"If we all had sex with the person we loved, instead of the person to whom we are bound by mortgages, the world would improve. By allowing economic relations to pollute…[personal relations], we make people miserable: marriage is a social machine designed to turn pleasure into property." (5)
The porch, is, obviously, screened in. No point in a porch unless it’s all screen. Screen like the lens through which you look, like the way you perceive, the way you encounter, interact, interface with. There are a few shelves on the back wall to keep candles and candle holders. Maybe an ashtray?
There are alcoves built in all around the house. There is a very good stereo. Also the more I think about these houses I realize that i don’t want hallways. I think they might be a waste of space. Compromising potential bookshelf space, bedroom space, kitchen space, living space. I want to have to walk through each room in order to get anywhere. Paying accidental attention to things you weren’t thinking about. This is everything, though, the accident of paying attention. How it draws you back towards yourself, where your limits begin, end and merge with where you are, how your space shares space with you. Accidental attention is what brings presence, which ultimately brings inspiration, the ideas and incidental innovations which make spaces into familiar spaces.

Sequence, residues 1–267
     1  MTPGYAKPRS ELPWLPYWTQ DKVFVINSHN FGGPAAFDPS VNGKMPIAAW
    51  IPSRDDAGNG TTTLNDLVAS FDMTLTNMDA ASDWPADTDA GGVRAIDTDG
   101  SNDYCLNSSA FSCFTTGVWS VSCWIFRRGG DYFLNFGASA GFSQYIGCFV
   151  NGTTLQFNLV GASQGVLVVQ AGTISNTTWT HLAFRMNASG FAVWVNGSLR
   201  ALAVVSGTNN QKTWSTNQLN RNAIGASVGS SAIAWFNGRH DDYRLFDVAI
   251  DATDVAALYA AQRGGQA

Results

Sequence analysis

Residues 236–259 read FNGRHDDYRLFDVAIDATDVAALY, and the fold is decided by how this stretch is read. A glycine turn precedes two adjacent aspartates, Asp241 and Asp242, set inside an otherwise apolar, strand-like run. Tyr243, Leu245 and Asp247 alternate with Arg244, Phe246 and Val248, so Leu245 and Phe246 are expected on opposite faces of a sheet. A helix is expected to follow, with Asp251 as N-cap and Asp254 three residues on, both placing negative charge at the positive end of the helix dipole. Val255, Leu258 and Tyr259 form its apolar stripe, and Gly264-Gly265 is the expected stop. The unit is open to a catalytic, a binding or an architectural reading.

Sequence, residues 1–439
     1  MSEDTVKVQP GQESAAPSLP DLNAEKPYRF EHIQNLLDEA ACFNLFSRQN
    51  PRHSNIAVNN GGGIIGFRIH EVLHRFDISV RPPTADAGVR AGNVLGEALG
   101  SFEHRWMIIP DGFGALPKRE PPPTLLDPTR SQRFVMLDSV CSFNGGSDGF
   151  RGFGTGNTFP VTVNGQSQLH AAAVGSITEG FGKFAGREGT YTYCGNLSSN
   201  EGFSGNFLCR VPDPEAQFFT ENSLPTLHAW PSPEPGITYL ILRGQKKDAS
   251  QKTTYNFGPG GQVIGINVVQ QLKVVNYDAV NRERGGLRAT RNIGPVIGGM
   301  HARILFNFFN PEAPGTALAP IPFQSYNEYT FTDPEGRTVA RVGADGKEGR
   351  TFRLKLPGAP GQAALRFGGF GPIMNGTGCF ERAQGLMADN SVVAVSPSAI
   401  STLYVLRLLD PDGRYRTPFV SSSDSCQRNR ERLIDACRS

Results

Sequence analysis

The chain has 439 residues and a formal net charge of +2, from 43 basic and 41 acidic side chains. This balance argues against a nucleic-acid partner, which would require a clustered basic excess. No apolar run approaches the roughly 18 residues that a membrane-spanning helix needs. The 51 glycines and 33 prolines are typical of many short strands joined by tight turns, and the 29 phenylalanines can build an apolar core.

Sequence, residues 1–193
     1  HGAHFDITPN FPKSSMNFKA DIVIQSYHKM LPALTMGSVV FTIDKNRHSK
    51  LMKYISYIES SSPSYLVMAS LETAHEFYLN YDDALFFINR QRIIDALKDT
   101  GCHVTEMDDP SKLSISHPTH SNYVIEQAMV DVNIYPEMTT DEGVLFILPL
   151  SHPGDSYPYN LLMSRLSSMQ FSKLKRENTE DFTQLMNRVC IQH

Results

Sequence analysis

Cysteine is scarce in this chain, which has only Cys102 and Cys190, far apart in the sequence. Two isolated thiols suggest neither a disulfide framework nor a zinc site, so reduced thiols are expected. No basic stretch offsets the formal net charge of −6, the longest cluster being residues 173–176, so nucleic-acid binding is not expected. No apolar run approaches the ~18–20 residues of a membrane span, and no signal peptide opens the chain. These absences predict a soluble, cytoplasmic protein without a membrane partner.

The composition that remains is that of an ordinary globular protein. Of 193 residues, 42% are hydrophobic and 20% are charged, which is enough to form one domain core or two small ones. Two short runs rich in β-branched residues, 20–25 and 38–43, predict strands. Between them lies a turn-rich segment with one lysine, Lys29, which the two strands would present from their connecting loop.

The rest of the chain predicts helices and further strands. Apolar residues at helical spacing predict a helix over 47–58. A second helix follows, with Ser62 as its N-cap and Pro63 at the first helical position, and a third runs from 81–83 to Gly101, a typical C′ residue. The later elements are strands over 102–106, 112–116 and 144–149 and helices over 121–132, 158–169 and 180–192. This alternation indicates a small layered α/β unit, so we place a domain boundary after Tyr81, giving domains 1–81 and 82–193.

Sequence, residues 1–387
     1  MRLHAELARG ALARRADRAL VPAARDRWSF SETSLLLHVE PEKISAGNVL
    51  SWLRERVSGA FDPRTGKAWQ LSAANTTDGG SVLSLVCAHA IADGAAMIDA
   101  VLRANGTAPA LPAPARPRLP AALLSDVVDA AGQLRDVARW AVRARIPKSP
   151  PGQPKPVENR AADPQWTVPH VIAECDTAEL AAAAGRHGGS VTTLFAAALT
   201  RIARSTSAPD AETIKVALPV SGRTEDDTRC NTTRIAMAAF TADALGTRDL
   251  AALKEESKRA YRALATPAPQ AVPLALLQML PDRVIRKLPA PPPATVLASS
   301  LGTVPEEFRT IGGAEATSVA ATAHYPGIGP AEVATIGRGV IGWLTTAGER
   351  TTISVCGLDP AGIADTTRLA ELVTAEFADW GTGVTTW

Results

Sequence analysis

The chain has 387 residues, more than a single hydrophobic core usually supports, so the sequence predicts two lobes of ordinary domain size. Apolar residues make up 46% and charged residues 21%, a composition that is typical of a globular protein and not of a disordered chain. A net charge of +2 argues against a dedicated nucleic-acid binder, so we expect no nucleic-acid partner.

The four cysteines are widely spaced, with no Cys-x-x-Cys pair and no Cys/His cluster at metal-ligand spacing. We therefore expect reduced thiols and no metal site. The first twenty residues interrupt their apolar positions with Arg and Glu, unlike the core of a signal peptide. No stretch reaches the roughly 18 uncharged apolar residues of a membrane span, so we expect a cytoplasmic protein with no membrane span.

These houses become a part of the landscape. They belong to no-one, but rather become bound to place. They are shared and they are private, in the summer there are no doors and life intermigles with fireflies and the occasional lost swallow, dogs and people move in and out, and everything can be swept right out the back door.
There isn’t an end to any of this long thought, but maybe there is a moment to pause, and maybe that moment is here. These houses encourage living, and eating, and conversation. They are places to work, to sleep, to play, to think about a future, to stare at nature, to eat eggs. These are the houses at the end of the world.
(1) “The Unhomely Bed,” by Aristide Antonas, in Hannes Meyer Co-op Interieur (Wohnungsfrage). Haus der Kulturen der Welt: Berlin, 2015.
(2) “A Room Without Ownership” by Pier Vittorio Aureli, in Hannes Meyer Co-op Interieur (Wohnungsfrage). Haus der Kulturen der Welt: Berlin, 2016.
(3) “The Unhomely Bed,” by Aristide Antonas, in Hannes Meyer Co-op Interieur (Wohnungsfrage). Haus der Kulturen der Welt: Berlin, 2015.
(4) Sight and Insight in the California Desert, Kate Bolick for T Magazine, October 2017
(5) “What Can We Learn from Utopians of the Past?” by Adam Gopnik. July 30th 2018 issue of New Yorker Magazine.